Ontario Progressive Conservative Leader Tim Hudak’s pat rejection of the Liberal government’s reasonably tough, deficit-fighting budget made his party appear as if it has little interest in working constructively in the overall interests of the province.
Mr. Hudak would rather take his bat and ball and go home. He was asked what changes to the budget would make it acceptable enough to support, and he replied by restating his laundry list of what he’d asked Premier Dalton McGuinty for – essentially, the PC agenda in full.
The Ontario Tories surely don’t want an election any more than the other two parties do, and how he would fight an election on this budget is impossible to envision. By moving ever further to the right and promising even deeper cuts? Hardly a winner.
Forcing an election would delay the province’s ability to tackle its spending problem. That, and the resulting political instability, could hurt Ontario’s bond rating and cost the province increased interest payments on its debt. Is this really what Mr. Hudak wants to campaign on?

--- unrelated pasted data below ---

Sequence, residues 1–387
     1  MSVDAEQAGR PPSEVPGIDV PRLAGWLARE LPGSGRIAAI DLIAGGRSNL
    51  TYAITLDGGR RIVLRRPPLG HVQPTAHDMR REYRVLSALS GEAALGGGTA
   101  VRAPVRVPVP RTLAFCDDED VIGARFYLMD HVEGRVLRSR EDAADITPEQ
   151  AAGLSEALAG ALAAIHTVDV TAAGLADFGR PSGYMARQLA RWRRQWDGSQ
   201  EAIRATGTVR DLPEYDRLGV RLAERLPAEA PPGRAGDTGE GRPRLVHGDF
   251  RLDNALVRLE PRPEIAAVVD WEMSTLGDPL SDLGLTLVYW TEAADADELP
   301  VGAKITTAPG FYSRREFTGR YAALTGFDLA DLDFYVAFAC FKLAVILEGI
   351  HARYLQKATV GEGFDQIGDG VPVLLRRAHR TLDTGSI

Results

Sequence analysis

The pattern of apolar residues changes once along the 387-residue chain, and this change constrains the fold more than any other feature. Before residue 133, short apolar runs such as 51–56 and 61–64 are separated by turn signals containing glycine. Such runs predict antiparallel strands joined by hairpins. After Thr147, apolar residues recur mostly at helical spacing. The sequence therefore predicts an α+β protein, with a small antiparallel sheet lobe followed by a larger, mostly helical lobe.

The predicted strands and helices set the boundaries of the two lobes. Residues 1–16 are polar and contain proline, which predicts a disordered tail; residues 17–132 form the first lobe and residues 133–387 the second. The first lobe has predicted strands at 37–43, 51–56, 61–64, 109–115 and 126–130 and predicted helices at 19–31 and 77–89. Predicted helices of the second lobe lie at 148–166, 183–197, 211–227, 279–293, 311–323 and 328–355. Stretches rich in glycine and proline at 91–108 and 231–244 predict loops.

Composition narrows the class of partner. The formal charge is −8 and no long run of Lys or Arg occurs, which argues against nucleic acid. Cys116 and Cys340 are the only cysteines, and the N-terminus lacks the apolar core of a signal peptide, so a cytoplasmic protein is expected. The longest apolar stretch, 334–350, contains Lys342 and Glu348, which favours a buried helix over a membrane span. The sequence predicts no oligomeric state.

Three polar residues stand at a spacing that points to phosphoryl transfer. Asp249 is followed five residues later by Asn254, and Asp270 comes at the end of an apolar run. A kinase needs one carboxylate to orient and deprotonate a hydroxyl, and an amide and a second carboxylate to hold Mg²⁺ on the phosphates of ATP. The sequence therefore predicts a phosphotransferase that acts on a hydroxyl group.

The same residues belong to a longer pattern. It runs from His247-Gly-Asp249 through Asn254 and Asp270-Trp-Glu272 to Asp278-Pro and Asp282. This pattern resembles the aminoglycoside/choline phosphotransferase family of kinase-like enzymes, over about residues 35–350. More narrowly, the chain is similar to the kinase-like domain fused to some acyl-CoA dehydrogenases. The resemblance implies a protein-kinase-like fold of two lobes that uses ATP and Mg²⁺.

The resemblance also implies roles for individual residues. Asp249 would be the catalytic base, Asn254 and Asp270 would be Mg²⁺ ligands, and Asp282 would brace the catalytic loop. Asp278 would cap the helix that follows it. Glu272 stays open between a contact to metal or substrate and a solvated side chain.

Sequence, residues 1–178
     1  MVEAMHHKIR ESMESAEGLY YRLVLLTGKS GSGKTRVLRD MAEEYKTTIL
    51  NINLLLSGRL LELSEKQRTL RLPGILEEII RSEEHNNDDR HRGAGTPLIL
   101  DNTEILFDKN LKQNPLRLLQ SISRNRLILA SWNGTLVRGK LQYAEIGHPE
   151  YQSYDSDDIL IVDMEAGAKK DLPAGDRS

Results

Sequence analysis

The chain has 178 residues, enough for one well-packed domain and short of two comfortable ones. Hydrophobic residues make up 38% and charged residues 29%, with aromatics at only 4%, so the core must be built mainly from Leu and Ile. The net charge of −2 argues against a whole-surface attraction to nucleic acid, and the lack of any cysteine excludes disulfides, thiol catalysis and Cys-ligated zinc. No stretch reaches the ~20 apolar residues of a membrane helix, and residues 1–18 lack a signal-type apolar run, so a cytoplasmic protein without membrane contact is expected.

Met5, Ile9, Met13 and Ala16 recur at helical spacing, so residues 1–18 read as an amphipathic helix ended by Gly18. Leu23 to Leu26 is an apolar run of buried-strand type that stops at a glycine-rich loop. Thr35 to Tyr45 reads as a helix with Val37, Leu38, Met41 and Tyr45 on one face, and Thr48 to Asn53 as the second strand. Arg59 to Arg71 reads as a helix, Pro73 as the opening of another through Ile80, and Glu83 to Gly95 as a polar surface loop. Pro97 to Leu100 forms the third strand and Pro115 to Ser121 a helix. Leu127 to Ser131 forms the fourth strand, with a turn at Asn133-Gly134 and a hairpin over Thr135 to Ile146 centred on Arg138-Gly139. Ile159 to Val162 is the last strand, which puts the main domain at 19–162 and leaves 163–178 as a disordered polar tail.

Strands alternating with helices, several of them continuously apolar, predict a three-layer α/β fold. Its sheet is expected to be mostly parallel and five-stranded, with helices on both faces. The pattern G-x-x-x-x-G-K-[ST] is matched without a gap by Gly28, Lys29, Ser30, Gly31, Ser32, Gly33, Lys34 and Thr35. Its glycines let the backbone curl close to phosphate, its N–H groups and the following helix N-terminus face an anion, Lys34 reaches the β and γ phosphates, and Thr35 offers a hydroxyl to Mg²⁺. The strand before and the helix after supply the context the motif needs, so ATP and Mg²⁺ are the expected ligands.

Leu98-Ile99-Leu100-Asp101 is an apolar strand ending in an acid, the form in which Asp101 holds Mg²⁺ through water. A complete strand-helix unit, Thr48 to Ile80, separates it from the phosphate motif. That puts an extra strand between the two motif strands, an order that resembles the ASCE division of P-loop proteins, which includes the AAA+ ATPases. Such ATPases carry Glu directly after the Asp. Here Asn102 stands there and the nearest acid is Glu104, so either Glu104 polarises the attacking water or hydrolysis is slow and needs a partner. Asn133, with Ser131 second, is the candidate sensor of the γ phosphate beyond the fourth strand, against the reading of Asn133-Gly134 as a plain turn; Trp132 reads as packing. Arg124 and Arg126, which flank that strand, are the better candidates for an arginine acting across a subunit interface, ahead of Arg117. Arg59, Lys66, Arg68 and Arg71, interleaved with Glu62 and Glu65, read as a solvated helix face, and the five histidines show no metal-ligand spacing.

By scripting his rejection ahead of time, he gave away his party’s leverage to actually make a difference, and handed that to the New Democrats, who are in a position to negotiate with Mr. McGuinty and show their supporters why the party is needed. One can quibble with NDP Leader Andrea Horwath’s posturing by establishing a phone line to consult Ontarians over the budget. Public-sector employees will doubtless jam the lines, and those with a less obvious personal stake will likely not trouble to call.
The greatest duty Mr. Hudak could perform is to ensure that the Liberals, who have a poor track record as fiscal stewards with public agencies such as eHealth Ontario and Ornge, fulfill their commitments as set out in the budget.
All residents of Ontario ultimately have a great deal riding on the Liberal government’s success in restraining spending.Report Typo/Error
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